Not living with regret is liberating. Instead of being made to crawl over broken glass by despicable shits, who aren't worth the time of day, instead, I move on with my life. Nobody's got any hold over me. I don't owe anybody anything, except a debt of gratitude to kind and loving friends, and exes, who offered their love and care unconditionally.

I've been a very lucky guy. I've had some lovely girlfriends. I've been loved.

Only a couple of my ex-girlfriends have been... difficult; unpleasant. I've been treated very well.

I find myself estranged from my parents, which has been such a huge improvement to my life that I struggle to find the words to express how liberating it's been to cut those sociopathic, antisocial, alcoholic, addict, selfish shits out of my life. I'm on good terms with my sister, so I can do family... provided it's not toxic.

I'm divorced, but I've had plenty of fulfilling, rewarding, happy long-term relationships. I can do relationships... provided I'm not getting punched in the face.

I've fallen out with friends, which was sad, but inevitable given how chaotic my life was; how unwell I was. I've drifted out of contact with friends, which was inevitable given that they are consumed with spawning brats to replace themselves with. I have old friends and new friends, so I can do friends... providing we stay somewhat within sight, and within mind; I know from being moved around 8 different schools in my childhood, that no friendship really survives geographical hurdles.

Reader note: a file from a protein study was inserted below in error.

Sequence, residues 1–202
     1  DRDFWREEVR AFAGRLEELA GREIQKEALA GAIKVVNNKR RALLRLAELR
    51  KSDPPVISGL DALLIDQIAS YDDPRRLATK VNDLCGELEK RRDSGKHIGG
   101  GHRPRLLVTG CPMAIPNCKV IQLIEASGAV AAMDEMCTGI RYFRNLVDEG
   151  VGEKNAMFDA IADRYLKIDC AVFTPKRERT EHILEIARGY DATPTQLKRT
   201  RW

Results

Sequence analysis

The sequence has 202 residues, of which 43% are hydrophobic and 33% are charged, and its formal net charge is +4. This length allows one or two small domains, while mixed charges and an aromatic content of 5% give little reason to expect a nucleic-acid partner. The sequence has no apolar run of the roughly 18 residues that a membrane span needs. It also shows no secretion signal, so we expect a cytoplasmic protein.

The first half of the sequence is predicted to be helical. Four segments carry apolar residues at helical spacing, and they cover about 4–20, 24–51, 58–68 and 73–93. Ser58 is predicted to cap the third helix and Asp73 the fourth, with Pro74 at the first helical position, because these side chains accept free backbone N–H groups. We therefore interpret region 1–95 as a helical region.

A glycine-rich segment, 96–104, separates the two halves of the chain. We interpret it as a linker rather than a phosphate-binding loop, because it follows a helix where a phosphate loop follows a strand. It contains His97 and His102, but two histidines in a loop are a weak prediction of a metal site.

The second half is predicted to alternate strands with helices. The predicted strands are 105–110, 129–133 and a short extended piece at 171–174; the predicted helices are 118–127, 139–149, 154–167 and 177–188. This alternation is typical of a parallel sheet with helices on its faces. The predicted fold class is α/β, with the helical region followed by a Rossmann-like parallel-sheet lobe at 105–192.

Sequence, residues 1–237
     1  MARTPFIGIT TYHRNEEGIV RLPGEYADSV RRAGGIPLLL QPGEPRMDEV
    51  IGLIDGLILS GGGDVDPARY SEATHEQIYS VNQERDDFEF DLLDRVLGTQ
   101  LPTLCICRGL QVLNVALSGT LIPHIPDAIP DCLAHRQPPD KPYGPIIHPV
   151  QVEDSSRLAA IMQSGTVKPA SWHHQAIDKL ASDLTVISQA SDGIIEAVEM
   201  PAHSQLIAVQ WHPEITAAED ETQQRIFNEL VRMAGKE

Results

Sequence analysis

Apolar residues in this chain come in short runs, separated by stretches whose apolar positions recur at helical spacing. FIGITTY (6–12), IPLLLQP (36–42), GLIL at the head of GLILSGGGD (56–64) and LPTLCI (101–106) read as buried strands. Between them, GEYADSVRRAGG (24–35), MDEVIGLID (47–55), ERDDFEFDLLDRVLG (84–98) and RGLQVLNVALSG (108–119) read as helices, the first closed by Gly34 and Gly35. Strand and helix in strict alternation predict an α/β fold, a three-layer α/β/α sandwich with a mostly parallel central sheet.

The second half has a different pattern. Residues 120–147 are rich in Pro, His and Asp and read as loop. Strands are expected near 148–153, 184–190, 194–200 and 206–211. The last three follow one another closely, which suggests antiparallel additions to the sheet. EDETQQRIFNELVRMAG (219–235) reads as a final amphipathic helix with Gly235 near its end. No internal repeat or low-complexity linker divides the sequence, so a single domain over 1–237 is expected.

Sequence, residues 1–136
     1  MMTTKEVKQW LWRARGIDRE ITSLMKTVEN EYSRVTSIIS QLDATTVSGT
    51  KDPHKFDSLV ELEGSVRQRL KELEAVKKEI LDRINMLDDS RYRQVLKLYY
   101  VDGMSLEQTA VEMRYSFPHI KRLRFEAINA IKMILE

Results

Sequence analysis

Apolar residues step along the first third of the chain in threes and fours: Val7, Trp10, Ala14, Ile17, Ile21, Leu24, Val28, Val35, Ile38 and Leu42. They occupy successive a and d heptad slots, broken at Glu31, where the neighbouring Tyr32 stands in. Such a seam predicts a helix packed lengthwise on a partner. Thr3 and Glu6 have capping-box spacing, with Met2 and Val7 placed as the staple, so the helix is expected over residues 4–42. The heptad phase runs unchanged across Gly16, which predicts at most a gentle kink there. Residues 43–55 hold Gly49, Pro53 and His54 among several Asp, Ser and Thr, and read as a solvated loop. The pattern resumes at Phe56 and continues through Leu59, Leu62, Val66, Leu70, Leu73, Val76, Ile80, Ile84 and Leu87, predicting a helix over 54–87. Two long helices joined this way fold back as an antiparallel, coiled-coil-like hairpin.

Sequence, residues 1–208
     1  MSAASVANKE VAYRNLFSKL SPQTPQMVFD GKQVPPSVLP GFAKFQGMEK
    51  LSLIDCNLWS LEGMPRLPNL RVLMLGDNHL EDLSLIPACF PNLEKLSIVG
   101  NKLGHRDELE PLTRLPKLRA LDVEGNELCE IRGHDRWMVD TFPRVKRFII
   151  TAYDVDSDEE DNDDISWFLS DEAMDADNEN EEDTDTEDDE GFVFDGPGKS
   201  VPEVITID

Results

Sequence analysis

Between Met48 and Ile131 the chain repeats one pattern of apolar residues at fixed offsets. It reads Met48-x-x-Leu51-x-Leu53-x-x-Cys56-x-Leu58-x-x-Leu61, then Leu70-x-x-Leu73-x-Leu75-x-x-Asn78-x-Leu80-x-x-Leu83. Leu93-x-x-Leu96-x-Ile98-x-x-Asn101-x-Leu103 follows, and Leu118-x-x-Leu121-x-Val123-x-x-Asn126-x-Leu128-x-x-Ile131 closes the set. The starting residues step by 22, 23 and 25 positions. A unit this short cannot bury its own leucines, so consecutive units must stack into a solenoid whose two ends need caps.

I don't have enough friends. I don't see my sister enough. I don't have the social life and support network that I need. However, I've learned to cope. My shitty childhood taught me to cope with my relationships being ruined by my alcoholic, addict, waster, loser parents, who kept moving me around; 8 different schools.

I think to myself "that's a shame" when I think about "the one that got away" but... I'm used to rebuilding; I'm used to starting over again.

 

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Easiest Way to Kill Yourself

9 min read

This is a story about dying with dignity...

Bottle of pills

Continuing on with the theme of giving my readers what they want, I've decided to write about the most searched for thing which brings visitors to my website.

I lied.

I'm not going to write about the easiest way to kill yourself but instead, I'm going to write a detailed account of when, why and how I'm going to kill myself.

***

UPDATE 20th October 2020: the latest thing I wrote about suicide is here.

If you came here looking for suicide methods, I wrote about that at length here.

If you still want more detail, have a read of this.

***